Here’s my contribution to the Home Secretary’s review of the UK’s extradition treaties. I’m really glad I got the chance to do this, you can too at http://tinyurl.com/32kn34u. Now please remember I am not a legal expert and I have only the most basic understanding of the law. I am however reasonably well versed in International Relations and the like! I do make some subjective judgements about the quality of other countries’ judiciaries and for that I am unapologetic. Justice is universal, it isn’t subject to cultural relativism and I do consider our judicial system to be one of the best in the world – *Glows with patriotic pride*.
So, here we go:
Dear Home Office,
I’m pleased you’ve given members of the public an opportunity to contribute to the debate on extradition. I am a student of Peace Studies and International Relations at Leeds Metropolitan University and I’ve also taken a semester of International Human Rights Law at the University of California Berkeley.
Before I address each point of your list on the website I wanted to lay out my first two initial thoughts on the matter.
1) any agreement should be based on the concept of reciprocity, the UK should not sign any agreement that is unfairly weighted in its favour or to its detriment.
2) that signing agreements with countries whose judicial systems are underdeveloped or based on principles other than freedom and the rule of law has the potential to undermine our system at home. To elaborate on this I do not necessarily think we should cancel agreements with countries whose laws are based on, for example, religion, just that we should consider our system as a more developed example and should make agreements on British judicial development and support with those countries, alongside any extradition agreement.
To address each point in turn:
– the Home Secretary’s powers to stop extradition
The Home Secretary is a political actor and a representative of the people. She is not a legal professional (it occasionally may occur that the Home Secretary is indeed a legal professional but this cannot be relied upon) and in making decisions on extradition she is not part of the legal framework which constitutes our judicial system. It strikes me as unusual to give a politician such a power in our judicial system and there is potential for the Home Secretary to act in accordance with public demand. This would be extremely ill-advised. The public should not be able to overrule judicial decisions. Our judiciary is here to protect the minority against the majority so it should be the Supreme Court as the only domestic body that can stop an extradition.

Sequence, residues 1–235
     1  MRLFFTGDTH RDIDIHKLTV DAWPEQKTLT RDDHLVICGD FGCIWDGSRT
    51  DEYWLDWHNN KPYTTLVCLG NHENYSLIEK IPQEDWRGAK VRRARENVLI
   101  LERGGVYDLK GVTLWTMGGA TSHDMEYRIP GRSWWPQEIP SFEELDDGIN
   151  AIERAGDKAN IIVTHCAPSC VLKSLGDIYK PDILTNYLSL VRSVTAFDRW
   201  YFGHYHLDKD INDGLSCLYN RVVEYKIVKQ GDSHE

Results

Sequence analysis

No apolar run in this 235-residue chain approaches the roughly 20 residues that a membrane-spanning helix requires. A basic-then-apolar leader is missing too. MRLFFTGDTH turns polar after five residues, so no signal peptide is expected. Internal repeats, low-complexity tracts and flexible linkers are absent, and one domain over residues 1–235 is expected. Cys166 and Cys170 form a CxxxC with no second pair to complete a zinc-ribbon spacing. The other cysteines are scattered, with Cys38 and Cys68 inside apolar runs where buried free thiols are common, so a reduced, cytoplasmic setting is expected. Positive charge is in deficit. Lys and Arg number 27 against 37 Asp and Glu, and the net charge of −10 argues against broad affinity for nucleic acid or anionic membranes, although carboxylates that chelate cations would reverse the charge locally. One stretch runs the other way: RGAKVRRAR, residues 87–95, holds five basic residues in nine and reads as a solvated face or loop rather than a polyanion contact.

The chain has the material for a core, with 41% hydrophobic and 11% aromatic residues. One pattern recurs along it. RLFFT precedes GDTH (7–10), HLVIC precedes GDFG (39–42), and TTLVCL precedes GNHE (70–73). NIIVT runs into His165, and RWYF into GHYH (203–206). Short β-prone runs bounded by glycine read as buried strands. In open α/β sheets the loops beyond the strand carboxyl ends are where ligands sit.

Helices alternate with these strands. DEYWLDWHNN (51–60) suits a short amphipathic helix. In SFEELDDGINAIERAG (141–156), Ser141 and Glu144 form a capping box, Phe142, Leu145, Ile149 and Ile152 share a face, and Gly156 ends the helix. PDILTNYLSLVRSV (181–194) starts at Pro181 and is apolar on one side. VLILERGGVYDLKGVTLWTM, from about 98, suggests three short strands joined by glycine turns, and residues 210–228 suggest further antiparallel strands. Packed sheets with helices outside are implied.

– the operation of the European Arrest Warrant, which deals with extradition requests between European countries
The concept of reciprocity comes into play. I agree that Britain should cooperate with other European countries in the area of justice and security however when so many other European countries decide not to cooperate with us this becomes tainted. There should be a threshold, a percentage of compliers to any agreement of this sort, before it becomes active. We should also not agree to cooperate with countries who have not enacted and made use of the EAW.
– where a crime is mainly committed in the UK, whether the person should be tried here
This would depend on the nature of the crime and the nature of the punishment. We should also not be afraid to deem our methods of justice superior in this case. When a crime committed here is considered minor then we should strive to protect that person against the disproportionate response they might receive in their country of origin. I understand this is already in place in some circumstances, such as where we refuse to extradite in cases of torture or the death penalty. In furtherance of this I believe, to stay true to our ideological stance, we should refuse to extradite to countries that practice these methods at all.
– whether the US-UK Extradition Treaty is unbalanced
This is a cause for extreme concern. Although I state previously that the Home Secretary should not interfere in the extradition process this is an example of an extremely one sided treaty with little or no benefit to the UK other than in diplomacy with the US, I would encourage her to review this as a matter of urgency. I can also reliably state that any recalibration of this law to a more balanced version would meet with strong public support. This treaty defeats many of the objects of British justice. It allows for British people to be tried for acts, performed in Britain and legal in Britain, in the United States, effectively granting the US universal criminal jurisdiction over British subjects. This severely undermines the supremacy of the British and European judiciaries which the British people and Government are accountable to.
– whether requesting countries should be required to provide sufficient evidence to prove an allegation
Prima facie should remain as the central object around which any extradition case is based. This is partly the problem with the US-UK treaty as it removes this, with no reciprocity. Although in the case of the EAW there is less cause for concern as the highest authorities for all European citizens are the same institutions.
Thank you for giving me the opportunity to contribute, I would be very interested to see what role these contributions make in the process of debate and at what points they are considered. Any guidance on that would be very much appreciated.
I do hope they get back to me on how the submissions are used, wouldn’t it be cool if Teresa May read it and was like, “Right on Will!”